Well, I’ve got to say right upfront that the Layla/Juliette/Avery love-triangle-on-tour car-crash was EVERYTHING I hoped it would be. To start with, the ladies are side-eyeing each other, circling warily, while Avery visibly wonders what the hell he’s got himself into. Then they make their plays – Layla leans in for a kiss while recording with Avery, and he’s into it to start with, but then backs off. Juliette, meantime, has already got herself back in Glenn’s bad books for a bit of Avery-related manipulation. “Try being honest with him”, counsels Glenn. This course is one which obviously hadn’t occurred to Juliette, but she goes for it, telling Avery that she still loves him. It isn’t as simple as that, though, for Avery: “What you do to me is what you did, and you’re going to do it again”.
So, Avery, which one? We’ll leave him on the horns of that particular dilemma for now. Because over on the Exes tour, Scarlett is behaving like a big sulky idiot, as she thinks that Gunnar slept with Autumn. Then the two of them are in a lift together, it breaks down, and they’re stuck with no-one else for company. Gunnar takes the opportunity to ask Scarlett what the hell?, and – for once – they sort it out quickly and amiably.
There they are, then. Stuck IN A LIFT. Drinking WHISKY FROM THE BOTTLE. Getting so hot that THEY START TAKING EACH OTHERS’ CLOTHES OFF. My notes at this point say, simply, OH COME ON. But, it turns out, that isn’t enough. Because then, standing about three millimetres apart, they start to sing The Civil Wars’ classic ‘If I Didn’t Know Better’, also featured in the very first episode as a Scarlett/Gunnar co-write, which is basically essence-of-forbidden-love. And, using that as a soundtrack, we fly back to Avery, deciding whether to favour Layla or Juliette with his affections. Spoiler alert – Layla gets it. As I’m not as invested in Julvery as some other people I can live with that.
But I am INCREDIBLY invested in Gunnlett and what is happening in that lift, which is that they’re about to kiss when… the lift jerks into life. So they head back to their hotel rooms, part at the door… but no. Even the writers realise this is just getting stupid, so Scarlett opens her door, Gunnar is standing there, and they totally hit it. About time too, you guys. #Gunnlett4EVA!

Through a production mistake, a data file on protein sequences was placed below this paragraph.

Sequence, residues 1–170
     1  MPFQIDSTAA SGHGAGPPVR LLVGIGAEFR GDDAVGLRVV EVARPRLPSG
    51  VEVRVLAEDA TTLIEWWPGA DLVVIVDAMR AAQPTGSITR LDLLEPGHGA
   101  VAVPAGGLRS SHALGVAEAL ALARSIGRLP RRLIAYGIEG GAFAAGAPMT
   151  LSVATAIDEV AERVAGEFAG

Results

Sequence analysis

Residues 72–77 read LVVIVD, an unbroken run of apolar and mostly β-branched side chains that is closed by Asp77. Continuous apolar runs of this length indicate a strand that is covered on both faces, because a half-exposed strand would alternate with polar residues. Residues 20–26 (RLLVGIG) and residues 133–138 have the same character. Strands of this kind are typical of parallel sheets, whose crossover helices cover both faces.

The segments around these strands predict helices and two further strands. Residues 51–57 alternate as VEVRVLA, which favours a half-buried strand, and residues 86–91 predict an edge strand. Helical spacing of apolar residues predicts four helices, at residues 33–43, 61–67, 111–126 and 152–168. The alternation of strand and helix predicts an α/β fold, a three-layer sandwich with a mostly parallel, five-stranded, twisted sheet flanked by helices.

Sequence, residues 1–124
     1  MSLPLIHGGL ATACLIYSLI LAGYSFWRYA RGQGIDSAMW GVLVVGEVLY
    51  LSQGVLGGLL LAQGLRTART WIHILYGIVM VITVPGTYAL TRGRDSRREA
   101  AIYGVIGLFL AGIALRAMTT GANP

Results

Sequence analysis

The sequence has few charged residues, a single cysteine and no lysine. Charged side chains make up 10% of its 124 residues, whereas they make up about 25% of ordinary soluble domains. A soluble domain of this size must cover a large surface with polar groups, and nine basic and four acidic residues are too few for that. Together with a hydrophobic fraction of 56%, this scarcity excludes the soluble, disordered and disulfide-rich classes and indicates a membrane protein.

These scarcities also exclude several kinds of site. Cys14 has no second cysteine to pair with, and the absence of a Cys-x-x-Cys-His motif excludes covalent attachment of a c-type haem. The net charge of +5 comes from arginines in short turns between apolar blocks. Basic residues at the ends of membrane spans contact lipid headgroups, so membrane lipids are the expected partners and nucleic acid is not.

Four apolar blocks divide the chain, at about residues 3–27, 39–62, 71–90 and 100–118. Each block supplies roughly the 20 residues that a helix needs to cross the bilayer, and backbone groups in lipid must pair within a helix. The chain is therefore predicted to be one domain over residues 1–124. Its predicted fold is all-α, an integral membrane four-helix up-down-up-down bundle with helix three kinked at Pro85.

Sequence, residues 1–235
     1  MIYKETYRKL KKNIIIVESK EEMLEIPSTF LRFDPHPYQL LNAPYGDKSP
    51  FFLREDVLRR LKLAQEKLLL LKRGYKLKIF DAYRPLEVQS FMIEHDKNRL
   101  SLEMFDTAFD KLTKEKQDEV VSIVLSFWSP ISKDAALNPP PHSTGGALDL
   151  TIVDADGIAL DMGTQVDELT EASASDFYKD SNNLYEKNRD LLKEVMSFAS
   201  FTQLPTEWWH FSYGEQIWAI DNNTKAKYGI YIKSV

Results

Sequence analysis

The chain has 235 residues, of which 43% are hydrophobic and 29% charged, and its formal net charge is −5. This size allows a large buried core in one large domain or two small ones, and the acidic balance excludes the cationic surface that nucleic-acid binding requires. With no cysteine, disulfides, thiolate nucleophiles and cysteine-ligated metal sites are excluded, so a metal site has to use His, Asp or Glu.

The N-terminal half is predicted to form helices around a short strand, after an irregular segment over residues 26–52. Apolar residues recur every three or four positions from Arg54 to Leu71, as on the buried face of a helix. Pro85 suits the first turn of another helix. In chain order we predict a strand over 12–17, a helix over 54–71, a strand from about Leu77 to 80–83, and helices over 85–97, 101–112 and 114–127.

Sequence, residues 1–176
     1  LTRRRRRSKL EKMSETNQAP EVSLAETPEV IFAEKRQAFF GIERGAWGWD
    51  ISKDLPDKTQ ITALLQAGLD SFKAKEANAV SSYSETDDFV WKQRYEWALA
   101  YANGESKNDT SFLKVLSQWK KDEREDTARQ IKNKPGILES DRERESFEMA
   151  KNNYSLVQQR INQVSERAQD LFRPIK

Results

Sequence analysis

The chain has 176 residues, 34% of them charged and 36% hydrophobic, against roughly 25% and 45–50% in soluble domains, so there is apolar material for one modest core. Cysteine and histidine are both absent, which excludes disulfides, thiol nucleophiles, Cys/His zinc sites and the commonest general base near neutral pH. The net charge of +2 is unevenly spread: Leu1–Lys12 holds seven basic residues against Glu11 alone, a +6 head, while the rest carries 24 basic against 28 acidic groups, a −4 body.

Compared to all of that, the rest of the episode – and it’s a good episode, it has to be said – doesn’t quite have the same impact. Older Girl’s emancipation is coming along nicely, with Deacon further enraged by the news that, for these purposes, Mayor Teddy is OG’s legal parent; Deacon is desperate to “get on that stand” in court, which would have to go down as the worst idea in jurisprudential history. So Rayna visits the Mayor in the pen – prison suits him, it has to be said; he’s looking good – and he reasonably wants to hear OG’s side of things as well, which also gives him an opportunity to tell her the truth about the Edgehill deal. At the end of which – let’s be fair – you can kind of see why, given the choice between Drunken Angry Dad and Whoring Criminal Dad Who Would Trade Her To Protect His Own Lousy Hide, OG would want to strike out on her own. Also, Cash’s motivation for involving herself seems to be that she went through the same sort of thing herself with Frankie, which doesn’t quite justify it but puts it in a little context.
And Luke continues to be the good guy: he’s determined to launch Will, and when radio programmers don’t turn up for a showcase he goes directly to the people, using an interview on Good Morning America to put Will on TV screens across the country, and speaking frankly about the problem of trying to get country radio to play an openly gay artist. His manager (?) Kenneth is less than sanguine, but I suppose it’s his job to look after Luke’s career rather than provide moral guidance. I loved this episode, in case you haven’t guessed. Absolutely loved it.